Based on museum documentation and physical evidence, this individual has been identified as Native American. Based on physical evidence and geographic/provenience information, this individual has been determined to be culturally affiliated with the Narragansett Indian Tribe of Rhode Island and the Wampanoag Repatriation Confederation, representing the Wampanoag Tribe of Gay Head (Aquinnah), the Mashpee Wampanoag (a non-Federally recognized Indian group), and the Assonet Band of the Wampanoag Nation (a non-Federally recognized Indian group).

In 1927, human remains representing one individual were recovered from London Street, East Greenwich, RI, and donated to the Museum of Natural History and Planetarium by W.E. Crease. No known individual was identified. No associated funerary objects are present.

Accession information states these human remains were “dug up on London Street, 10 feet deep.” Based on museum documentation and physical evidence, this individual has been identified as Native American. Based on physical evidence and geographic/provenience information, this individual has been determined to be culturally affiliated with the Narragansett Indian Tribe of Rhode Island and the Wampanoag Repatriation Confederation, representing the Wampanoag Tribe of Gay Head (Aquinnah), the Mashpee Wampanoag (a non-Federally recognized Indian group), and the Assonet Band of the Wampanoag Nation (a non-Federally recognized Indian group).

In 1936, human remains representing one individual were recovered from Melrose Street, West Ferry site, Jamestown, RI, by Roy Johnson, Louis Watson, and others. In 1937, these human remains were donated to the Museum of Natural History and Planetarium by Mr. Johnson. No known individual was identified. The one associated funerary object is a blanket fragment.

Based on museum documentation and physical evidence, this individual has been identified as Native American. Based on physical evidence, consultation with tribal representatives, and geographic/provenience information, this individual has been determined to be culturally affiliated with the Narragansett Indian Tribe of Rhode Island and the Wampanoag Repatriation Confederation, representing the Wampanoag Tribe of Gay Head (Aquinnah), the Mashpee Wampanoag (a non-Federally recognized Indian group), and the Assonet Band of the Wampanoag Nation (a non-Federally recognized Indian group).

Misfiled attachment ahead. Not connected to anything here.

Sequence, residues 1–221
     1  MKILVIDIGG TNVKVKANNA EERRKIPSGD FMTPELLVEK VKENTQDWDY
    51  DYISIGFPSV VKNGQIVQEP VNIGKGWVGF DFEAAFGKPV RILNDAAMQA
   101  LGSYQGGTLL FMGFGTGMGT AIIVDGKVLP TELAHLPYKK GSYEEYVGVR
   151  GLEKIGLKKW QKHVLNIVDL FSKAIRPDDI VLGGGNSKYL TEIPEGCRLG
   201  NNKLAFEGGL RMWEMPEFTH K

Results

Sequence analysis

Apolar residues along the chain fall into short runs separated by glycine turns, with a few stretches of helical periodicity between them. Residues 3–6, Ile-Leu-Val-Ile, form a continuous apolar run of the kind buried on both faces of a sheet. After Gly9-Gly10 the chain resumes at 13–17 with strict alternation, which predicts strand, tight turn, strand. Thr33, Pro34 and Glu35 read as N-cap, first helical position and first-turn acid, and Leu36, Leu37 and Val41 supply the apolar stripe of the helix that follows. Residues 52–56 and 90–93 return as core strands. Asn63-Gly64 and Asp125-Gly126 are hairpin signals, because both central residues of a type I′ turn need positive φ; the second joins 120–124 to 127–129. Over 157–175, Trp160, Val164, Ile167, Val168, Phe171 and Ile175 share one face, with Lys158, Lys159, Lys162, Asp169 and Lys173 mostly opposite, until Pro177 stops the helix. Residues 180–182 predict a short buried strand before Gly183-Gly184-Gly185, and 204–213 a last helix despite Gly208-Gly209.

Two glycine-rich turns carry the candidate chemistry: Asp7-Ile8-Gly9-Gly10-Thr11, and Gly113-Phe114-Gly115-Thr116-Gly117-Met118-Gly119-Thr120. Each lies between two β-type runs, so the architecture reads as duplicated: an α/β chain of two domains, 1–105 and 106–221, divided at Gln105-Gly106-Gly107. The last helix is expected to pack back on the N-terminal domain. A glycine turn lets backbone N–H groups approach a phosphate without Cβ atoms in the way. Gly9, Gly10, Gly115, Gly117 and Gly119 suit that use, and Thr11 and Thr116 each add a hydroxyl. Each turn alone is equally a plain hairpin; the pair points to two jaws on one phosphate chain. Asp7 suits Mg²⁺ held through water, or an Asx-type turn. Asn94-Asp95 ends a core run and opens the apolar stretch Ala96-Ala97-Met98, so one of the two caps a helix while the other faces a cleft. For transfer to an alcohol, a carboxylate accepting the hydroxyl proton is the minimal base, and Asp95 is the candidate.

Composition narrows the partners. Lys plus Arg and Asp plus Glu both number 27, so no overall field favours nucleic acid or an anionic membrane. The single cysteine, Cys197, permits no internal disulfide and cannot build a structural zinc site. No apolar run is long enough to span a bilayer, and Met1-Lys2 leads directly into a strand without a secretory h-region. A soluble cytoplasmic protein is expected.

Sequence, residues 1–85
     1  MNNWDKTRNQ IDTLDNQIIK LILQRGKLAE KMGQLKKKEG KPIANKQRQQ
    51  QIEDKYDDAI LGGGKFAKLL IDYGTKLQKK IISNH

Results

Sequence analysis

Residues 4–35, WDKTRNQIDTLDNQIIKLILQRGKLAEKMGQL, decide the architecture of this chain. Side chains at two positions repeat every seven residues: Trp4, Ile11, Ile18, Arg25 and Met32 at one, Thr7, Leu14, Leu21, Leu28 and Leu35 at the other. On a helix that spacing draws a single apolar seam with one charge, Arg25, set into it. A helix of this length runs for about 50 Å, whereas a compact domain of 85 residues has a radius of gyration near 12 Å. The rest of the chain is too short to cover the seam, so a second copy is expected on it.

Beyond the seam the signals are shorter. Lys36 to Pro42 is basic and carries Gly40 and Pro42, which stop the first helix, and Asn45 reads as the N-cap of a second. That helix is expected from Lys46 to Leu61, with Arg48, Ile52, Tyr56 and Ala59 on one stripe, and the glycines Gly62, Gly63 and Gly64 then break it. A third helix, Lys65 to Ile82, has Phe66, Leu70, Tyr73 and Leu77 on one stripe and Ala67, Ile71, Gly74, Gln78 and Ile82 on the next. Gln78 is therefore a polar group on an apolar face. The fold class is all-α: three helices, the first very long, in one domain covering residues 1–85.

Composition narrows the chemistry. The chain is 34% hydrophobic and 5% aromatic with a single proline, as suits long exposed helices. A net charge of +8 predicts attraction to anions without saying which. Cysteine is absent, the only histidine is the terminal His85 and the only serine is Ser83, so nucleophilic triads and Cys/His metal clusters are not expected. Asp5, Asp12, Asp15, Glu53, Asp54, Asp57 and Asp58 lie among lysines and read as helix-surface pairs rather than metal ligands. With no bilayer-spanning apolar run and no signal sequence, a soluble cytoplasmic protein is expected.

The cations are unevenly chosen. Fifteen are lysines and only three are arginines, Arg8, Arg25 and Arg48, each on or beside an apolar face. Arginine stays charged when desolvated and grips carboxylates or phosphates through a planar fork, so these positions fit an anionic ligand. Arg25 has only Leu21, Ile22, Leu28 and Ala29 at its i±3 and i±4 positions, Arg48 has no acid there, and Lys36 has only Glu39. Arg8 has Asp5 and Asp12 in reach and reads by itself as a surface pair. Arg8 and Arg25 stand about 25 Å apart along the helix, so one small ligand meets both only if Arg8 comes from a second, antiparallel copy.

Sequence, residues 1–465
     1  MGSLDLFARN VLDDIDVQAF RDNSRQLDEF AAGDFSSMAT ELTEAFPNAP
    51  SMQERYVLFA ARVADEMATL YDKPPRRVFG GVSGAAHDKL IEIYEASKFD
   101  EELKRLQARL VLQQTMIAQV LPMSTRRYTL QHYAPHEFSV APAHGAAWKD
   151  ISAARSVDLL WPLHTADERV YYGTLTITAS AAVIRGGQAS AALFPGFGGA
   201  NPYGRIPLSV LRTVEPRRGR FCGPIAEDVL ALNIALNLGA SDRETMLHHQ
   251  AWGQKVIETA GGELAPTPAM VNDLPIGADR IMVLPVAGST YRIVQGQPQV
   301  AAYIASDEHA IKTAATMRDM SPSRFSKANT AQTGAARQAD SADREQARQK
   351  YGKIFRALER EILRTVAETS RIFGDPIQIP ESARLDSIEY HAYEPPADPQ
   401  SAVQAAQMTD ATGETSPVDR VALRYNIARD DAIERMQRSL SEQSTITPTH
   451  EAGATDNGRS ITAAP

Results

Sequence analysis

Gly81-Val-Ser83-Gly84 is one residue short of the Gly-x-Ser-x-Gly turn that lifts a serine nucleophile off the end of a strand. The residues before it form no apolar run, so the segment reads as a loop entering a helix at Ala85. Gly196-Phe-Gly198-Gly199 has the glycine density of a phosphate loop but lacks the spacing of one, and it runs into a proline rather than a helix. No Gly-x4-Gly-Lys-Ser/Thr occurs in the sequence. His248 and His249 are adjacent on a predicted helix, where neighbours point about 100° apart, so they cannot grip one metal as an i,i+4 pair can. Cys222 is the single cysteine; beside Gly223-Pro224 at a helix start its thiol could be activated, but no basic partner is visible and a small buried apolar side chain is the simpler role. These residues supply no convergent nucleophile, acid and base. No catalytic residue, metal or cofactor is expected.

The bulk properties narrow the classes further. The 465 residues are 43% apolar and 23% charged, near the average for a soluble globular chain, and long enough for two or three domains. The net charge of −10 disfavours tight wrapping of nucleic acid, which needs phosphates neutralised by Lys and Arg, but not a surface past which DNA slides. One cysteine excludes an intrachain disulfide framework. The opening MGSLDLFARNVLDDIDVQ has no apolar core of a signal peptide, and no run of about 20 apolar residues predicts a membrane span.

In 1894, human remains representing three individuals were recovered from the Burr's Hill Burial Ground, Warren, RI, by A.T. Vaughn, who donated these remains to the Museum of Natural History and Planetarium in 1900. No known individuals were identified. Museum documentation indicates that “curios” were found with these human remains, and were transferred in 1913 to the Heye Foundation (now the National Museum of the American Indian) as part of an exchange. No associated funerary objects are now present in the collections of the Museum of Natural History and Planetarium.

Based on skeletal morphology and extensive copper staining, these individuals have been identified as Native American from the 17th century. Based on physical evidence, consultation with tribal representatives, and geographic/provenience information, these individuals have been determined to be culturally affiliated with the Narragansett Indian Tribe of Rhode Island and the Wampanoag Repatriation Confederation, representing the Wampanoag Tribe of Gay Head (Aquinnah), the Mashpee Wampanoag (a non-Federally recognized Indian group), and the Assonet Band of the Wampanoag Nation (a non-Federally recognized Indian group).